Princess Resurrection Vol. #01 (Mania.com)
By:Danielle Van Gorder
Review Date: Wednesday, October 03, 2007
Release Date: Tuesday, May 01, 2007
Translated by:Satsuki Yamashita
Adapted by:Joshua Hale Fialkov
What They Say
Werewolves, demons, monsters, vampires - all of these ferocious creatures are afraid of the same thing: the beautiful Princess Hime, an awesome warrior who fights off the forces off evil with a chainsaw and a smile. Not only does she look great in a tiara, but she has magical powers that allow her to raise the dead. She's a girl on a mission, and with the help of her undead servant and a super-cute robot, there's no creature of darkness she can't take down!
Chainsaws are a definite plus. Hooba.
Featuring a dramatic picture in a bold and limited color palatte of Princess Hime weilding a bloody chainsaw, this is definitely a book that's going to grab a casual browser's attention. The print quality overall is very good, and blacks are acceptably dark. After the story, there is an extensive section with translation notes, a preview for volume 2, and several one-page ads for other Del Rey titles.
While the facial expressions might be simplistic and limited, the rest of the art is anything but. Mitsunaga is an artist who knows how to use panel layouts to their best advantage, especially during the many action scenes, where dramatic angles are also used to good effect. There's quite a bit of detail to be found, especially on weapons, gore, or backgrounds where required.
The adaptation flows smoothly overall, although there are some parts that seem a bit clunky. Sound effects are all subtitled, and while that means some busy panels are a little cluttered, it helps make the story and action scenes much more understandable.
Contents (please note that content portions of a review may contain spoilers):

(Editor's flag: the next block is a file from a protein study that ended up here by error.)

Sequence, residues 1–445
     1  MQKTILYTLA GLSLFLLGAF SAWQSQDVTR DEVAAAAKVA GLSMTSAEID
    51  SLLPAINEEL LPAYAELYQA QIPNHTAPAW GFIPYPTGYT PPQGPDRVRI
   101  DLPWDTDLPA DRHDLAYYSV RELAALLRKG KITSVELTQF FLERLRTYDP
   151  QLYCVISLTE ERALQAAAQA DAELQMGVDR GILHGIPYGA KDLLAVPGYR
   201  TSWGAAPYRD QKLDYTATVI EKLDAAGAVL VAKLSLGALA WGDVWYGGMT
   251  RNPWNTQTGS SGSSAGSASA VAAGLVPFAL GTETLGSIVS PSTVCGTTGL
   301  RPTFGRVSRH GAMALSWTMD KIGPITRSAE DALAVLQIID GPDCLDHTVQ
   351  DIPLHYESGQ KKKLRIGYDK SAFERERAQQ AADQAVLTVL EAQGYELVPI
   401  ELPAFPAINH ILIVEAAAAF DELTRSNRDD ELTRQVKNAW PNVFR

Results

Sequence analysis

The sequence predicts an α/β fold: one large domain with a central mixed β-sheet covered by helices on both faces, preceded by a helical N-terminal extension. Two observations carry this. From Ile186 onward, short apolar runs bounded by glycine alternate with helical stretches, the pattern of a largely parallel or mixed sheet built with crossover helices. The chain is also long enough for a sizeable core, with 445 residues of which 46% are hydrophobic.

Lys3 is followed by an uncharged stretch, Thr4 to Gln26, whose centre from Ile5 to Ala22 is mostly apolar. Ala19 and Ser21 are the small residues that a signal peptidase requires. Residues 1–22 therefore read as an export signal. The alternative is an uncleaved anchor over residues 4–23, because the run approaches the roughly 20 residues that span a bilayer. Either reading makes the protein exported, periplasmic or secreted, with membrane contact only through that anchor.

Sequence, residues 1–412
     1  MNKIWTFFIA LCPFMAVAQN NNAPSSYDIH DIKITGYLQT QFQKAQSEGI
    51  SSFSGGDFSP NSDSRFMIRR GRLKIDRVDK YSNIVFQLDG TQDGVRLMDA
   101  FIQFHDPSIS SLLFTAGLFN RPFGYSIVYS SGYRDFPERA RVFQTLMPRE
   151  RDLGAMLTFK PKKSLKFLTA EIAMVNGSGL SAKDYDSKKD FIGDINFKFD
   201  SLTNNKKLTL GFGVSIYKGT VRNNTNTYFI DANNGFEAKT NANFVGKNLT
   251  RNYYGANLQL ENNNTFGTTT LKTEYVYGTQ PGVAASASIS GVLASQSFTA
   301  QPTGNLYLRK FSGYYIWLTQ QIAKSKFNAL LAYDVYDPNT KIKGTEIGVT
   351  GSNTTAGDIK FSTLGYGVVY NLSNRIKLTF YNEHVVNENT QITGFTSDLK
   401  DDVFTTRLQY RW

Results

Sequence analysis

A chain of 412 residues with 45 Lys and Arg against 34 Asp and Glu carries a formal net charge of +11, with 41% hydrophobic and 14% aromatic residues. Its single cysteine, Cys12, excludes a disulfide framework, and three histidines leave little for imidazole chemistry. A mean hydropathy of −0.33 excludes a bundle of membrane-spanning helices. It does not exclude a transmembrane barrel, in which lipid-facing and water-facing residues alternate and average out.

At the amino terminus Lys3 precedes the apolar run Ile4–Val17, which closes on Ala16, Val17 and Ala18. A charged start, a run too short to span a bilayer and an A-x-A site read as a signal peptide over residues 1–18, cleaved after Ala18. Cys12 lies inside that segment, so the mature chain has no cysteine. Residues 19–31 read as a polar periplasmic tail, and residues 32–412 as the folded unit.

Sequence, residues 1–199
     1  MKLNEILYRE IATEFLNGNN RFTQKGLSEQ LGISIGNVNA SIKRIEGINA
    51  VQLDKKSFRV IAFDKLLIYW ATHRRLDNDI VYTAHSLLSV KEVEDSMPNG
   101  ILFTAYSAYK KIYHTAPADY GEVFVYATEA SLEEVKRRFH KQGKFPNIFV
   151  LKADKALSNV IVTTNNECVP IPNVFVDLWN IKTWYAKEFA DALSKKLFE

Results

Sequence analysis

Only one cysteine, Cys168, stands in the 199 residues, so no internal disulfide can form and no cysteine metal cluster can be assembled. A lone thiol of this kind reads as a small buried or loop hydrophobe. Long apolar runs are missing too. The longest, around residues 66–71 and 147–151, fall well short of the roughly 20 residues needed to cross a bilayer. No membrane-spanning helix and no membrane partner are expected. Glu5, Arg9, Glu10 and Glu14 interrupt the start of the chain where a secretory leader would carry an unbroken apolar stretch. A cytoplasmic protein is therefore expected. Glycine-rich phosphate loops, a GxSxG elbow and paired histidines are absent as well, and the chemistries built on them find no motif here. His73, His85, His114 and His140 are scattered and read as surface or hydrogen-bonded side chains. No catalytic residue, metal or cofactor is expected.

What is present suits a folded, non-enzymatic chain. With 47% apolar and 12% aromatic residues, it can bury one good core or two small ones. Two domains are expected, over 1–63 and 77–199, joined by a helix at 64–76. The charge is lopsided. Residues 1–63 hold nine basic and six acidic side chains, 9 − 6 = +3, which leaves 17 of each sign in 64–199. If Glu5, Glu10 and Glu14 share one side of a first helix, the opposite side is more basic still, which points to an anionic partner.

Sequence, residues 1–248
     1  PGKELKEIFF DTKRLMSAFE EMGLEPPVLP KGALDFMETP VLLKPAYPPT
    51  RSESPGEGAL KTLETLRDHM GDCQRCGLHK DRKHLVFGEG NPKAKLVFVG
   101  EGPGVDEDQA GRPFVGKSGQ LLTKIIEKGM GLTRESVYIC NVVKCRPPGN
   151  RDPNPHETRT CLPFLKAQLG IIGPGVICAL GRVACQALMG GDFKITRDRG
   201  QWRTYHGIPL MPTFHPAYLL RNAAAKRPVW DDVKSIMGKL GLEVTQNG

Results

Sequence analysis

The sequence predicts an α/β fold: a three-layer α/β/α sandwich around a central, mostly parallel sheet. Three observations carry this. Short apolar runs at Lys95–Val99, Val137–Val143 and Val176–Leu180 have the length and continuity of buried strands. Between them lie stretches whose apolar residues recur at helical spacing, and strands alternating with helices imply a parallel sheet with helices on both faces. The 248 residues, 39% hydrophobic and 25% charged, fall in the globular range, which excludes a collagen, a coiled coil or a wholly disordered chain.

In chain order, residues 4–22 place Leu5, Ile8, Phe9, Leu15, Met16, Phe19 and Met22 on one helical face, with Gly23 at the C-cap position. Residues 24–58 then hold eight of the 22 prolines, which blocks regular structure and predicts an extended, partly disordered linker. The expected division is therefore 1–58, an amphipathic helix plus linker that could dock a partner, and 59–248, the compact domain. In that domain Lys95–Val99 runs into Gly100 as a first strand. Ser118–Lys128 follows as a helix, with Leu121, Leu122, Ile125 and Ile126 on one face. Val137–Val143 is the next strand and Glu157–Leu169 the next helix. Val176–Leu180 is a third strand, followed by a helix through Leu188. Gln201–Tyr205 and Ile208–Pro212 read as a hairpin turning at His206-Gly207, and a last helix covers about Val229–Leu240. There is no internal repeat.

Hiro is new to the town and just trying to find the house where his sister is a live-in maid so he can live with her again, but nothing seems to be going his way. First he gets hit by a truck and wakes up in a strange place that appears to be a morgue. Then, when he finally finds the house, there's a strange woman in a tiara facing off against a werewolf. Before he knows what he's doing, he gets between the werewolf and the woman, managing to die for the second time that day. Luckily the strange woman is Princess Hime, daughter of the man who stands above all monsters, and she has the power to resurrect the dead with her blood.
Not only that, but she has enemies, and with only two warriors to protect her - Hiro and the extremely strong childlike android Flandre (hooba) - there's never a dull moment around this house. Werewolves are the least of it - when it isn't werewolves (or the younger sisters of werewolves), there are invisible men, deranged doctors, vampires, swamp creatures, and more to contend with.
Even with her warriors with her, Hime isn't the sort of girl to sit back idly when challenged, so she's right up on the front lines with them, fighting back against the various monsters with whatever happens to be handy - a chainsaw, electricity, fire, a truck - she's not picky. But who is Hime's true enemy - is it really one of her siblings? And what is it that they want?
Princess Resurrection is the kind of story where you turn off your brain and enjoy the ride - and what a ride it is. Over the top campy violence, monsters right out of an old B horror movie, and Dawn of the Dead style humor. The characters that don't get much in the way of development, remaining little more than simple archetypes, but this isn't the sort of story you read for character growth anyway. Hime herself is quite the individual - ruthless and willing to go to any length (including burning down her own house) to reach her goals. Not for the thinking crowd, Princess Resurrection is nonetheless a lot of fun.
Mania Grade: B
Art Rating: B+
Packaging Rating: B+
Text/Translatin Rating: A
Age Rating: 13 & Up
Released By: Del Rey
Orientation: Right to Left
Series: Princess Resurrection